Education (aka What The Hell, Texas?)
To preface, a reminder that the Attorney General in Texas is a totally separate elected official from the Governor. Unlike on the Federal level, the AG does not serve the chief executive.
Texas Attorney General Ken Paxton issued a non-binding letter regarding local heath authority’s abilities to close schools. Paxton—whose name may ring a bell as he’s under indictment for felony securities fraud—said that the local health authorities ability to wholesale close schools down does not exist and those orders are not legal.
The Texas Education Agency, which had revised their funding guidelines to indicate the schools closed upon order of local health officials would continue to receive funding as long as they continue virtual instruction, revised their guidelines again to say that schools that close due to health authority orders would not get funding (outside of the TEA’s stated phase-in period).
Whether or not the AG’s opinion is right (I have to admit, in just reading the text of the statute, it sounds like a bit of a stretch that the legal grounds for the order intended to be used in such a broad way), with schools slated to start (in some form) in just a few weeks, this constant flip-flopping on what may or may not be allowed is inexcusable at this point.
While this news was breaking, Dr. Mark Escott, the interim health authority for Travis County/Austin held two briefings almost at the same time. He presented to the City Council, then jumped over to the Travis County Commissioners Court meeting.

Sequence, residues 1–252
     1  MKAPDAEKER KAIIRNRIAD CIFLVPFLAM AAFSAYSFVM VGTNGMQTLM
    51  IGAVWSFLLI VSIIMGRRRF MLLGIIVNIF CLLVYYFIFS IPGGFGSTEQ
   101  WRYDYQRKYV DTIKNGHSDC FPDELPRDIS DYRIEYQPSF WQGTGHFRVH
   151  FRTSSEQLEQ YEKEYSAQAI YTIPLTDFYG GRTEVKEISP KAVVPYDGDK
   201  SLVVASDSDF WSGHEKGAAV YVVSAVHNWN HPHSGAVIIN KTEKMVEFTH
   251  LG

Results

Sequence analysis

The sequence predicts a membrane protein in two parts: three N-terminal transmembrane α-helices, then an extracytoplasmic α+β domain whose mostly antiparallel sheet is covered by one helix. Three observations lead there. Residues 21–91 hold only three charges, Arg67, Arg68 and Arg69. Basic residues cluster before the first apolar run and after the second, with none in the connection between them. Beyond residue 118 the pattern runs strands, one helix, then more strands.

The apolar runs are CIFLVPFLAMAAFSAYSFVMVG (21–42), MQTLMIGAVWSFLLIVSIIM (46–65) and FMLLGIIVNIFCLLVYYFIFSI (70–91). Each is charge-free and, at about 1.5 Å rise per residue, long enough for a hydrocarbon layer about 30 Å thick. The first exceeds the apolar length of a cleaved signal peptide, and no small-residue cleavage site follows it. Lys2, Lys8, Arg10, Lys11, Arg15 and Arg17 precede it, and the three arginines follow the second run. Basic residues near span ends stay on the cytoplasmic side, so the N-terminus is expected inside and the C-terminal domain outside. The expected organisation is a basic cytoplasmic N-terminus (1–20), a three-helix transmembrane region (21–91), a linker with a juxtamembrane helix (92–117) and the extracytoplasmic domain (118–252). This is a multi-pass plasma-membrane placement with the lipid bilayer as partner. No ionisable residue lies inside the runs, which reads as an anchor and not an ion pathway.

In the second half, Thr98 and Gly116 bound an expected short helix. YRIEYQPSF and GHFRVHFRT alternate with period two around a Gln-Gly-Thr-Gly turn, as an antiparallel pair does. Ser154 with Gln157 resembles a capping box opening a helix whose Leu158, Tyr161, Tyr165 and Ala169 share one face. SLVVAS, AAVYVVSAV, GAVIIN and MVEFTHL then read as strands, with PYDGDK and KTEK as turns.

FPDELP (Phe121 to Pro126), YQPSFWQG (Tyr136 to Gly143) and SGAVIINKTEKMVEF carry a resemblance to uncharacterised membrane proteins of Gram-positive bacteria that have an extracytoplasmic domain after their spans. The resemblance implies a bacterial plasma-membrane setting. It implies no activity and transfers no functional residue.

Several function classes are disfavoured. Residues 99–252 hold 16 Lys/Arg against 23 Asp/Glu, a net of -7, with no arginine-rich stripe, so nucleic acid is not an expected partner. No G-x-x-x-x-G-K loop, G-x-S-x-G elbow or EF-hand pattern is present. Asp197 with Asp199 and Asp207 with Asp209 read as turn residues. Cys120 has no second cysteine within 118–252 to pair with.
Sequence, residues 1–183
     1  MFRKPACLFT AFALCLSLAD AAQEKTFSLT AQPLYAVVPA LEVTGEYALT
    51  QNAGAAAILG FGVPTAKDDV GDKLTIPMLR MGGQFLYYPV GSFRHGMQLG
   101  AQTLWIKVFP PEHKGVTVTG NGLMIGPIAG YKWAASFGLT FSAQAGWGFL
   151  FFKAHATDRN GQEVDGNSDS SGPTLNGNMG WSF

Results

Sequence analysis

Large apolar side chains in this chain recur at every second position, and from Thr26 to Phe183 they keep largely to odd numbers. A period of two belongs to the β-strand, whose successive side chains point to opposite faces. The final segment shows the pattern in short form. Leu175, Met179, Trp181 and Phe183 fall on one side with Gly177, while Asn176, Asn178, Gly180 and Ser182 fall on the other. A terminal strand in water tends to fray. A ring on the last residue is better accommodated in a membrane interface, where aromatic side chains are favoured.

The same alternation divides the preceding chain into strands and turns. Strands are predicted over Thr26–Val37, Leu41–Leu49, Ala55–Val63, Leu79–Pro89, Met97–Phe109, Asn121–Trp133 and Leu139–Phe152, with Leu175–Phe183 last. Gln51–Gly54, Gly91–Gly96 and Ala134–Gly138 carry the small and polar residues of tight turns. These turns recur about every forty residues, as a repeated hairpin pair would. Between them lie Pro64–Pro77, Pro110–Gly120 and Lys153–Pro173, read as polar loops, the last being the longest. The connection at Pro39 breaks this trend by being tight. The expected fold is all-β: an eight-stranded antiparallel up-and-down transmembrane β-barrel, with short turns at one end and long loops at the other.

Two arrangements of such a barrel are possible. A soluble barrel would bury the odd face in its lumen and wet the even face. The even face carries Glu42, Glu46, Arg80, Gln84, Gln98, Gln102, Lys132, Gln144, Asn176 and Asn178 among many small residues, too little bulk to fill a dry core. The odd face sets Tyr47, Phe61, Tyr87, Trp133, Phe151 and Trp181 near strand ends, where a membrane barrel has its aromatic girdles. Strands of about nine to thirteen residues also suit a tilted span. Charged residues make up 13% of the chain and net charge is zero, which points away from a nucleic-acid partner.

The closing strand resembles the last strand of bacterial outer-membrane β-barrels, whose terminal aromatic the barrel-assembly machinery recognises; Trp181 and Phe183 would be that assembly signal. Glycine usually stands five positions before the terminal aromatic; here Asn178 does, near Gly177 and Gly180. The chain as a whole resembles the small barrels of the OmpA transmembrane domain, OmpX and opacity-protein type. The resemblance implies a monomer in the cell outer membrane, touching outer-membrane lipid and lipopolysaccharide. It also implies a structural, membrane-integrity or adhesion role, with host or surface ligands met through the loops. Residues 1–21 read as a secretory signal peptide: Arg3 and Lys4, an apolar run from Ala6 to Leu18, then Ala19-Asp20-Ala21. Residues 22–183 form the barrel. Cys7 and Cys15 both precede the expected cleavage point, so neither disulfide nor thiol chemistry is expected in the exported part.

In his comments to those bodies, he indicated he is advising schools to try to stay at or under 25% capacity when they reopen, to prioritize those who must in school.
He also expressed that he was surprised by UT’s announcement that they’re going to fill the football stadium to half capacity, which still ends up around 50k.
His goal is to advise districts on the
State of Texas
In some good news, Texas—as a whole—has the lowest Rt in the country right now. Rt as you recall is effective rate of transmission. It has some shortcomings—it depends on test results and can lag—but still worth noting.
Rt for Texas is estimated at being 0.89. This means that every infected person is expected to make 0.89 other people sick. The virus isn’t spreading all that fast right now.
On the bad news front, South Texas is kicking their ass kicked right now.
Hidalgo County (McAllen) saw 64 deaths today. To give you some sense of the scale, Hidalgo has a population of 869,000 as of 2019 and say 64 deaths today. Travis County (Austin) has a population of 1.3 million people hit a record this last weekend with 12 deaths.
Hidalgo has almost 900 hospitalized and 228 in the ICU. Mind-blowing.
8,342 new cases with 164 new deaths (using the new death certificate method). Positivity continues to drop—12.83% today. Hospitalization data is still messed up.
Travis County (Austin)
So far, so good.
- 223 new cases.
- 3 new deaths.
- 370 in the hospital.
- 133 in the ICU.
- 97 on ventilators.
We’re making process, slow and steady.
The post <span class='p-name'>COVID in Austin Update (July 28)</span> appeared first on Brandon Kraft.